On January 4, 2019 a federal district court in California approved a $29 million settlement in a shareholder derivative lawsuit against former Yahoo directors and officers regarding high-profile data breaches at Yahoo between 2013 and 2016. The settlement is a noteworthy departure from other breach-related derivative suits – which have been largely unsuccessful. As the number of data breach derivative lawsuits against directors and officers continues to increase, the relatively large size of this settlement may create valuation expectations that will drive up the settlement costs of other pending and future data breach-related derivative cases.
Yahoo Data Breaches
On July 25, 2016 Verizon announced plans to acquire the core of Yahoo’s Internet business in a transaction valued at $4.8 billion. Less than two months later, in September 2016, Yahoo, the once dominant internet giant, announced that it had been the victim of a massive data breach in 2014 that exposed the names, email addresses, dates of birth, encrypted passwords and telephone numbers of 500 million users – the biggest known intrusion of a single company’s computer network at that time. Months later, in December 2016, Yahoo disclosed that an even larger breach had occurred in 2013 involving the same type of sensitive information of an estimated one billion Yahoo users. Yahoo subsequently disclosed that all three billion of its users were hacked in the 2013 data theft, tripling its earlier estimate and sharply increasing the legal exposure of its future owner, Verizon. Following the disclosure of these data breaches, Verizon negotiated a $350 million reduction of Yahoo’s sale price attributed to reduction in value for Yahoo’s shareholders.
Litigation and Settlement
Yahoo shareholders filed securities and derivative lawsuits against Yahoo’s board and senior managers for their handling of the 2013 and 2014 data breaches. The various derivative suits were ultimately consolidated into one litigation. The consolidated derivative complaint in that action contains allegations that Yahoo officials breached their fiduciary duties by failing to protect Yahoo’s data, failing to investigate and remediate the breaches after they occurred, by failing to put proper safety mechanisms in place to prevent such attacks (i.e., “the Board’s refusal to spend necessary money to improve [Yahoo’s] data security infrastructure exposed [Yahoo] to significant hacking incidents”) and by issuing false and misleading statements about Yahoo’s knowledge of the data breaches.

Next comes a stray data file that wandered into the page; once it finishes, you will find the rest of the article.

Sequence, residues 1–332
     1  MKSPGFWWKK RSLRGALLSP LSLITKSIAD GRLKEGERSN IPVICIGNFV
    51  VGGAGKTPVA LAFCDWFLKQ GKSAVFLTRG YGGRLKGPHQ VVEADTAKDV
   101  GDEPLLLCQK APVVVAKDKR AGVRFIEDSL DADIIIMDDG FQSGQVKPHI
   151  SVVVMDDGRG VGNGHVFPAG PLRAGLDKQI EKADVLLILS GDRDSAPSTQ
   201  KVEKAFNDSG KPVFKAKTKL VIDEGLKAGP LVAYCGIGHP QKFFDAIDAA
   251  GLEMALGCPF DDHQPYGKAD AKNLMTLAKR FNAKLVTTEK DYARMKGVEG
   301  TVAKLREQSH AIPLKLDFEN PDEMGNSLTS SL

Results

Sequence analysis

The shareholders maintained that Yahoo officials had “contemporaneous knowledge” of the breaches, failed to disclose the breaches to the public in a timely manner as required by law, and engaged in a “years-long” cover up of the hacking incidents. In addition, the allegations regarding infrastructure are important because as data breaches increase and cybersecurity liability becomes an increasing concern for executives, the focus is not simply on what a company can do after a breach. Rather, a company needs to be aware of how it can invest in proper safety precautions to avoid future breaches, and the board of directors is expected to lead those efforts to increase awareness and system protections.
The former directors of Yahoo eventually agreed to settle the derivative litigation for $29 million to be paid by insurers on behalf of the individual defendants – as well as Verizon, which faced allegations that it had aided and abetted Yahoo’s failure to disclose the data breaches. Under the settlement, the shareholders’ lawyers secured approximately $11 million in fees and expenses with the remaining $18 million to be paid to Altaba, Yahoo’s successor-in-interest.
This derivative settlement is significant for at least three reasons. First, shareholders previously had little success in holding board of directors accountable for data breaches. In fact, the $29 million settlement is reportedly the first time shareholders have been awarded monetary damages in a data breach-related derivative lawsuit (although plaintiff attorneys’ fees have been awarded in other cases). The settlement could inspire future civil actions and usher in a new wave of shareholder derivative litigation seeking to hold directors liable for damages to the company resulting from cybersecurity breaches and alleged board oversight duty failures.
Second, Verizon was in the process of purchasing Yahoo when the data breaches were disclosed. As a result of Yahoo’s disclosures, Verizon was able to negotiate a $350 million reduction of the purchase price. Unlike other data breach-related derivative lawsuits, where the actual damages to the company might be difficult to quantify, the reduction in the purchase price constituted a clear example of the damages allegedly sustained by Yahoo.
Third, as in most public company D&O cases, historical settlements are used for comparison purposes in pricing future cases for settlement purposes. Now that there has been a substantial settlement of a breach-related derivative lawsuit, we can expect that future litigants of breach-related derivative cases will seek to use the Yahoo settlement as a baseline settlement amount for higher or lower settlements.